07-05-12 04:21 AM
  3. rkennedy01's Avatar
    I, too, have found the Android support in OS 2.1 to be an enabling factor in daily use. In fact, I now prefer using Android apps over native offerings in several categories, including Twitter, gReader, TapaTalk, Swarm, ES File Explorer and occasionally Dolphin (though it's too slow for day-to-day browsing).

    I also find that Android apps integrate better than native apps - for example, tapping the Twitter sharing option in gReader automatically instantiates the Twitter (official) client to create the Tweet. It's simply more mature than what you get with native QNX apps, which is ironic since I don't think I could stand running Android apps on an actual Android device. I tried a Galaxy Tab 10.1 before I bought the Playbook and hated the experience, so...

    With OS 2.1, the Playbook now offers a "better Android than Android" experience, at least for me. Hmmm, where did I hear something like that before? And that "OS/2" name sounds familiar.

    07-05-12 05:47 AM
  4. AceRoom's Avatar
    I'm not sure if you heard about the android-x86 port. You know how crappy the default emulator is, right? Well, that's because it tries to run ARM code on x86 systems. The android-x86 port is android compiled for intel x86 cores and they have all versions from 1.6 to 4.0.3. You can run them on virtual box and let me tell you, it is amazingly smooth! In fact, some of the tests they've done show ICS running faster on a VM on a PC (A good one though) than on the Galaxy Nexus. You can connect to it through adb so it works with eclipse. You can try it for your development purposes (Running on a full native environment) and for the rest of you guys, you can try it for kicks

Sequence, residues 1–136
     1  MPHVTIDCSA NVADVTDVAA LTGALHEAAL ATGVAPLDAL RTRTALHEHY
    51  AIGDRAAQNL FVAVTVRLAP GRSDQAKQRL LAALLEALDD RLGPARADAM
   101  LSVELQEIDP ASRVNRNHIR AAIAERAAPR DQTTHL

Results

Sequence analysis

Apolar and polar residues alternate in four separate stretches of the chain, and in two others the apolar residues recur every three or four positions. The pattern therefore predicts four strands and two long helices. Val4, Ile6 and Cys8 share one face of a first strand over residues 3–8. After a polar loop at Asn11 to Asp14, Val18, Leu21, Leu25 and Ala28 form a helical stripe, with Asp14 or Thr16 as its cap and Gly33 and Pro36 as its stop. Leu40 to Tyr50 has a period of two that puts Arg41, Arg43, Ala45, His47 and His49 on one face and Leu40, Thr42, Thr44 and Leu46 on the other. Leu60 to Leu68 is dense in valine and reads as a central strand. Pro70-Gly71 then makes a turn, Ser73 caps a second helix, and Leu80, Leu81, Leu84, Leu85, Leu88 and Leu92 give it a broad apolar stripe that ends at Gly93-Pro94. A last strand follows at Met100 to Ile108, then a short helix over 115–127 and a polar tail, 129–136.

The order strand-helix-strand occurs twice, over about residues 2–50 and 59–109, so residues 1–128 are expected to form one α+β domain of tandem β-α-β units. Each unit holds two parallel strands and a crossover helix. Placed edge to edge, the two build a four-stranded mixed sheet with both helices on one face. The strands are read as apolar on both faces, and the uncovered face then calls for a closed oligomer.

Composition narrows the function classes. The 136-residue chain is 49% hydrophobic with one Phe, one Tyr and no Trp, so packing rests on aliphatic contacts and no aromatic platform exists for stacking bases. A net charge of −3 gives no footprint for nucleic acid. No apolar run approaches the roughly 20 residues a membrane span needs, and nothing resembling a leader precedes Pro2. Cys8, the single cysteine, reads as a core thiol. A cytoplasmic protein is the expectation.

Here's the link: Android-x86 - Porting Android to x86

    There are some good tutorials (Search on google) if you need them.
    07-05-12 09:13 AM
  5. zethaaron's Avatar
    I definitely agree that a lot of opinions may change with 2.1. Really Android apps run great now, multitasking them is not only much better than one at a time, it completely solves the issue with opening an app only to find the last android app you opened, frozen.

    For now Android apps are alright with me, however hopefully when the PlayBook and BB10 get a little more recognition we'll see some native apps that are more mature, so we won't have people preferring Android. There's nothing really wrong with it, it's just good to have the best of both worlds. :P

    I'll check out the pc version, thanks!

    Glad to see I'm not the only one coming to terms with Android apps on the PlayBook, 2.1 really fixed the Android experience.
    07-05-12 06:32 PM
  6. papped's Avatar
    As of the 2.1 beta the android ports are way, way, way less of an issue anyways...
    07-05-12 06:38 PM
  7. zethaaron's Avatar
    As of the 2.1 beta the android ports are way, way, way less of an issue anyways...
    Exactly. They definitely are less of a problem.
    07-05-12 07:11 PM